My Choice

1. And here we are—who should have one the Oscar that made me want to kick Oscar’s ass through 90+ years of awards. That Sigourney Weaver was nominated for a film like Aliens is staggering, since science fiction rarely gets its due come award season. Ellen Ripley is one of the key roles for women in general, a true action role that was as relevant and important for men as it is for women. Filmmakers are still loathe to attempt to figure that out. The conventional wisdom is that men and women see movies about men and only women see movies about women. Weaver, Ripley, and Aliens started to change that. For that reason alone, Sigourney Weaver deserved to win.

Final Analysis


  1. I was as mystified by Marlee Matlin's win as you and there is no way that Sigourney Weaver should have walked away empty handed (or for that matter remain so to this day!). My list of nominees would be quite different than what it was but even then Sigourney would always have come out on top. Ripley in Aliens is not just totally badass but a complete person and that is almost entirely thanks to Weaver.

    I think both Kathleen and Jane are very good but there are other stronger options than them.

    I share you're incredulity that Mia Farrow gained no traction for Hannah and Her Sisters especially considering the universal praise the movie received and the fact that both Michael Caine and Dianne Weist were nominated and (deservedly) won in support. Such a strange case she is-a child of Hollywood, often critically praised and for most of a decade the muse of a lionized filmmaker.....and still bupkis.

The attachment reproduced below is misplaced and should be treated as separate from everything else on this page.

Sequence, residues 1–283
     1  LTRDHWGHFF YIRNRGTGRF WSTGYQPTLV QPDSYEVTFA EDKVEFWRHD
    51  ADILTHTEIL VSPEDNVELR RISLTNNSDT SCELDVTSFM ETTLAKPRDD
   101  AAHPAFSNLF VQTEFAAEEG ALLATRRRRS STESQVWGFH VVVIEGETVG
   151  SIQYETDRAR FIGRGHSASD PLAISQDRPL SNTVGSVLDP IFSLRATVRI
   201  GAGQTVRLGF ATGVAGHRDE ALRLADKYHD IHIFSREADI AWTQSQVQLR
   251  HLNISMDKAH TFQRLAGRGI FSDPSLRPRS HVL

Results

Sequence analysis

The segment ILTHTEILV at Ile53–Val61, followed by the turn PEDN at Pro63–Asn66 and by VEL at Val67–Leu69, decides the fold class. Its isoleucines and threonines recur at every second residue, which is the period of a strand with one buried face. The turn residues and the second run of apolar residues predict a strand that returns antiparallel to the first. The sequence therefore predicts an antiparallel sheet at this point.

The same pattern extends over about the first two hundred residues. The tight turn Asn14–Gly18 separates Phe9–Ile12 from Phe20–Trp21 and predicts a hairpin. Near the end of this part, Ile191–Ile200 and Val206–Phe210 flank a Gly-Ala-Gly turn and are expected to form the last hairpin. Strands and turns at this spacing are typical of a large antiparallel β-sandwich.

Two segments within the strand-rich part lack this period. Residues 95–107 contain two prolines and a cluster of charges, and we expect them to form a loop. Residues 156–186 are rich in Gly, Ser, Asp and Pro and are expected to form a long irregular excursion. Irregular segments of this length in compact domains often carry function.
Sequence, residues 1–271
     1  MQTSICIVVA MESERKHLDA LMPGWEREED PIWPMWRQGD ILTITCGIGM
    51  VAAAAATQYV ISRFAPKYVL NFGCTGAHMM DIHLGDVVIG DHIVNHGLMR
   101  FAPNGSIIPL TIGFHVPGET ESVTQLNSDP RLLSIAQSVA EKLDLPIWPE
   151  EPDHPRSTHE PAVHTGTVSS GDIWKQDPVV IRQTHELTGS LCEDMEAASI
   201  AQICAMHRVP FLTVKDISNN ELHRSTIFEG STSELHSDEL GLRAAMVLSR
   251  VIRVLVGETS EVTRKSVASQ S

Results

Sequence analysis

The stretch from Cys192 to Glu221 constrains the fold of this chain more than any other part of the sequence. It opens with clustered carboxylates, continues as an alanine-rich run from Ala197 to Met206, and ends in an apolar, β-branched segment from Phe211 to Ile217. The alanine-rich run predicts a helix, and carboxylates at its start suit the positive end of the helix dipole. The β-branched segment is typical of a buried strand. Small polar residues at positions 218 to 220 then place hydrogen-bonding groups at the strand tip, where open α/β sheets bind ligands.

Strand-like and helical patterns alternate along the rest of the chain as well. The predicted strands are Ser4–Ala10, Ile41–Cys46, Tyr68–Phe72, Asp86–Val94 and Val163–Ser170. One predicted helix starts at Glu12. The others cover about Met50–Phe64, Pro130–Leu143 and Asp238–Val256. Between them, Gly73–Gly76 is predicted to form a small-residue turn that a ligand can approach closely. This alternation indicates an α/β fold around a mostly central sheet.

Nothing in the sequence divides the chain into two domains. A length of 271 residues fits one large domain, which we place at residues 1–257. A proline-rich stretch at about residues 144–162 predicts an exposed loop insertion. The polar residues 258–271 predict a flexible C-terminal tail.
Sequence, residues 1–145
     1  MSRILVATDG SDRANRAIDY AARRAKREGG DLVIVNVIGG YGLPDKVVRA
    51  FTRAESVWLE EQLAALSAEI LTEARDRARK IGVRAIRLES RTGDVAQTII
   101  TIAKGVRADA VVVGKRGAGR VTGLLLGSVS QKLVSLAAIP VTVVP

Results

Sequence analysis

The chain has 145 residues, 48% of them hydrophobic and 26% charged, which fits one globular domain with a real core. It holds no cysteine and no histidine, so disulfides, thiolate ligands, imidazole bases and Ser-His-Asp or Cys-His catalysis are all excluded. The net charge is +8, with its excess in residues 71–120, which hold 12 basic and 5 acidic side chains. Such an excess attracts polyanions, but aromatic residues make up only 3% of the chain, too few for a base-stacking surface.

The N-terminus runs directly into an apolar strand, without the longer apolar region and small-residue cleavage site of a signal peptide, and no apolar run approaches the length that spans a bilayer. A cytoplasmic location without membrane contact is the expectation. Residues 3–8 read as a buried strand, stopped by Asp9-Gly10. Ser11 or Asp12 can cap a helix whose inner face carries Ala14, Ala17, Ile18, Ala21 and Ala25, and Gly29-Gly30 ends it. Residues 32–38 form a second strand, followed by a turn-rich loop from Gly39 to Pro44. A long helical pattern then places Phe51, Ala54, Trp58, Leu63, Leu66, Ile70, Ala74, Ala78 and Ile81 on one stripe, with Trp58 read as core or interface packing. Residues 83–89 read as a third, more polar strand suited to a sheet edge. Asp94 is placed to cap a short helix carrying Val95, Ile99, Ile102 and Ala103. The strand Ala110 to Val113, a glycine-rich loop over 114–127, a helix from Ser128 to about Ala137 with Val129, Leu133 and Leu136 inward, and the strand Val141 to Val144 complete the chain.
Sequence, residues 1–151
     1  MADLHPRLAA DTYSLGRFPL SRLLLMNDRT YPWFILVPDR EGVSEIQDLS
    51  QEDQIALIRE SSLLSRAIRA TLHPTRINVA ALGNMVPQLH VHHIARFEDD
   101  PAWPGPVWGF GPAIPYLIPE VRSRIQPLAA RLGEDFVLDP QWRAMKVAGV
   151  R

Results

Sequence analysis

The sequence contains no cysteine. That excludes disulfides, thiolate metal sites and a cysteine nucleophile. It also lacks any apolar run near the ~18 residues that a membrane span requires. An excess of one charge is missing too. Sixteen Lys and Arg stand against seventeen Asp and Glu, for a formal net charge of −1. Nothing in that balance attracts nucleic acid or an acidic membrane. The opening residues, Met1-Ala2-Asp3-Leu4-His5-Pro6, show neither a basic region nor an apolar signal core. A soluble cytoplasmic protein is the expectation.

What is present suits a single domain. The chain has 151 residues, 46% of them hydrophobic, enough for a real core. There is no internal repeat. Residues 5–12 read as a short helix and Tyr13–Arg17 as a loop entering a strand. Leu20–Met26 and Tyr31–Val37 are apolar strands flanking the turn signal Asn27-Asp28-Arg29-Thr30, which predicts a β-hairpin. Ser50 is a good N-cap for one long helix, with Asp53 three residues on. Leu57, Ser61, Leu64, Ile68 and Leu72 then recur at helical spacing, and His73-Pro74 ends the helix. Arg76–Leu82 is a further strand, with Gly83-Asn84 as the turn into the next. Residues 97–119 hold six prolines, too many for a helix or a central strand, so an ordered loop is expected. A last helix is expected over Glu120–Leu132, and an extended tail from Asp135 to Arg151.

Sissy Spacek would actually make my list but for her other film this year 'night, Mother as would Anne Bancroft in the same film. I can't say I'm surprised that neither received a nomination, they're both brilliant but the picture is a pitch black drama (if you haven't seen it the elevator pitch is-Daughter (Sissy) tells her mother (Anne) that because of her many problems she is going to commit suicide that night and for the entirety of the movie the two discuss and argue over that decision until the inevitable conclusion.

    Someone else worthy of consideration is Melanie Griffith in Something Wild. I'm not a fan of hers in the main nor did I like the film all that much but she gives a go for broke performance in the movie and provides whatever value it has.

    Geena Davis is terrific in The Fly but as you said she didn't have a snowball's chance in hell of being nominated even if she was one of the hottest It girls of the moment when it came out.

    I really must get around to Manon of the Spring.

    1. Yeah, this is a case where the rightful winner was nominated, but then snubbed for the actual award. This was so clearly Weaver's Oscar that it's amazing to me that she didn't win.

      'night Mother and Something Wild are two I haven't seen.

      Given the ability to make my own set of nominations, Geena Davis, Emmanuelle Beart, Mia Farrow, and probably Isabella Rossellini are my four, but they're all coming after Sigourney Weaver.

      Oh, and Manon of the Spring is very much worth seeing, but Jean de Florette needs to be seen first.

  2. What Joel said.

    And I'm just confounded that "Peggy Sue Got Married" got nominated for anything. Maybe the movie is better than I remember it (and I remember it only vaguely), but I remember it as being awful.

    1. It's not great. I liked it more than I liked The Morning After, Children of a Lesser God, and especially Crimes of the Heart, but that's not saying much. The only thing I really liked was the presence of Marshall Crenshaw.